Toyota: No intent behind Kenseth infraction
April 24, 2013, David Caraviello, NASCAR.com
Underweight connecting rod a mistake that harmed more than helped, company says
David Wilson of Toyota Racing Development was on the telephone with Joe Gibbs until late Tuesday night, reassuring the team owner of one thing: there was no intent.
Joe Gibbs Racing driver Matt Kenseth was saddled Wednesday with one of the more severe penalties in recent memory, due to a connecting rod in the engine of his No. 20 car that was found to be lighter than allowed during tear-down at the NASCAR Research and Development Center. NASCAR has historically treated engine offenses very harshly, and this was no different -- Kenseth was docked 50 points, his pole at Kansas Speedway was vacated and his race victory last weekend cannot be used toward Chase for the Sprint Cup eligibility.
Crew chief Jason Ratcliff was also fined $200,000 and suspended six weeks; Gibbs lost 50 owner points and won’t be allowed to accumulate any more from the No. 20 for six weeks; and Toyota was docked five points in the manufacturers’ standings. JGR plans to appeal the penalties, while TRD is zeroing in on what caused the infraction in the first place. But the company says it is sure of one thing -- this was not an attempt to gain a competitive advantage.
“There obviously was no intent,” said Wilson, senior vice president at TRD, which manufacturers engines for Toyota teams in NASCAR’s premier series. “… It was an oversight. Now, how can this happen? Obviously that’s our biggest concern and what we’re principally focused on today.”
According to the Sprint Cup Series Rule Book, connecting rods must be composed of solid magnetic steel with a minimum weight of 525 grams. Wilson said only one of the vehicle’s eight connecting rods was in question, and it measured 2.7 grams under the minimum weight. Its neighboring rod, he added was more than 4 grams over the minimum.
Wilson said NASCAR mandates the material and minimum weight of a connecting rod, because otherwise engine builders would try to construct them out of a lighter substance such as titanium. If there was an intent to gain a competitive advantage, he added, all the connecting rods would have been lighter, and not just one. Making one rod lighter than the others only unbalances the load on the bearings, and carries a higher risk of failure.
“The notion that you would reduce the weight of one rod, and by 2.3 grams, as an opportunity to enhance your performance is patently absurd. Because what you actually risk is placing an uneven bearing load on the crank shaft. What you strive for is every connecting rod to weigh the same … At 10,000 RPM, if you don’t have a balanced bearing load, you’re going to fail,” Wilson said.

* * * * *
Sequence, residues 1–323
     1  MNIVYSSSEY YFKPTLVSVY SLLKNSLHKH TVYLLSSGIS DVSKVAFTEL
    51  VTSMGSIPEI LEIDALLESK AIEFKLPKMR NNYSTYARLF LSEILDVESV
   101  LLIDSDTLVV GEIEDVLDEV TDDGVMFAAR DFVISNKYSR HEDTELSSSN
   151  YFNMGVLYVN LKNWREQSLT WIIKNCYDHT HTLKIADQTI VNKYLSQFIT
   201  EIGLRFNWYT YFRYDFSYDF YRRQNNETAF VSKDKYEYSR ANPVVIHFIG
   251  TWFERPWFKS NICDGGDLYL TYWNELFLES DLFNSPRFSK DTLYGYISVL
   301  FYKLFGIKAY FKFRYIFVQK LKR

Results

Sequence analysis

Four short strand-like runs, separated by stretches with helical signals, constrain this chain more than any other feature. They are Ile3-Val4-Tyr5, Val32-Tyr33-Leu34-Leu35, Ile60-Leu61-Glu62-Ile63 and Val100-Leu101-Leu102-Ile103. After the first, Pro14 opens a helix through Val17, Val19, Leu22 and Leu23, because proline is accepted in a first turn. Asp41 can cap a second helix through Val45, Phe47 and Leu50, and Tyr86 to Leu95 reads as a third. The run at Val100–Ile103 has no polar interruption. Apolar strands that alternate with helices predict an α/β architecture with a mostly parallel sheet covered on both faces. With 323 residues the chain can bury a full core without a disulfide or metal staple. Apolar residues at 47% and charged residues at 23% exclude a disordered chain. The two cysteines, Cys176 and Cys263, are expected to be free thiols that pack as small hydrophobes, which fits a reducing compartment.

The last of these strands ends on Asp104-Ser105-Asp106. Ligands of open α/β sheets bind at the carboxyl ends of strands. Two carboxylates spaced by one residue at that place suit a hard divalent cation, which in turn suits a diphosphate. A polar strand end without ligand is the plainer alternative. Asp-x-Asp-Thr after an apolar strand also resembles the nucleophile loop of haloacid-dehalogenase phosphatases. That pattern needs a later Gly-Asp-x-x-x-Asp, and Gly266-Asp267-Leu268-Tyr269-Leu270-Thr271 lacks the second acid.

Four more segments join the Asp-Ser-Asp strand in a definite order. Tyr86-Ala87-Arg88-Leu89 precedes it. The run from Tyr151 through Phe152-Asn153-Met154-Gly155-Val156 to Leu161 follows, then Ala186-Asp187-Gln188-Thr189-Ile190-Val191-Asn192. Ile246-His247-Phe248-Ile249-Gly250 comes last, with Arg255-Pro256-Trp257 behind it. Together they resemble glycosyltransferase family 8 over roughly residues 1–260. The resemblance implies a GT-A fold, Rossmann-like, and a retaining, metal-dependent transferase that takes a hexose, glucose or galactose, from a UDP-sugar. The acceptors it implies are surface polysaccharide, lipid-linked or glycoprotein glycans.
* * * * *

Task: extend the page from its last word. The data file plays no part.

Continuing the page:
“You’d never do that. If we were going to undertake this, it would absolutely be across all eight cylinders, or you’re running the risk of damaging a main bearing and failing an engine. … There’s zero motivation, zero incentive” to have one rod lighter than the others, he added.
So how did it happen? Like many engine builders, TRD outsources some components from vendors -- including connecting rods. TRD has been using the same supplier for connecting rods since the fall of last year, and Wilson said the company is certified at the highest level by the International Organization for Standardization.
Since TRD can’t measure every part that comes to its facility from a vendor, it leans on that ISO certification as a safeguard. “We place a lot of the burden of that qualify control on them,” Wilson said. “Because that’s by definition what they do. What doesn’t correlate here is, how could that supplier have made that mistake? And what is our exposure level?”
Wilson said TRD checked the paperwork for all the engines in Toyota vehicles bound for this weekend’s event at Richmond International Raceway, to ensure none of the connecting rods were suspect. They weren’t. “So at that point we’re characterizing it as a fluke,” he added. “At this point, we’re not making any excuses. And whether it’s a fluke or not, it’s on us.”
How much of a role that might play in Gibbs’ planned appeal to the National Stock Car Racing Appeals Panel is yet to be seen. “We are going to support them in whatever manner we can,” Wilson said. “Certainly we think we have a responsibility therein. They’re running the show, though. It’s their appeal. We’re there to hopefully support them, and achieve a good result.”
It’s been a stressful season for TRD, which, despite its success on the race track, has endured some rough weeks early in the year due to valve problems. But Wilson said NASCAR has torn down 10 Toyota engines this season, and did the same to roughly 26 last year, and none of them revealed similar issues with connecting rods. At the end of their long telephone conversation into the wee hours Wednesday morning, Gibbs ensured Wilson there was no plan to change engine manufacturers.
“The last thing he left me with last night was, ‘Hey, we signed up for this partnership, and we are going to get through this together as partners. We have no intention of laying you guys away. We take the good with the bad,’” Wilson said. “You remember last year through the crises with Kyle (Busch), that arguably could have stressed this partnership. But we stood firm behind the team just as we expect they’re going to stand firm behind us. We’ll get through this.”
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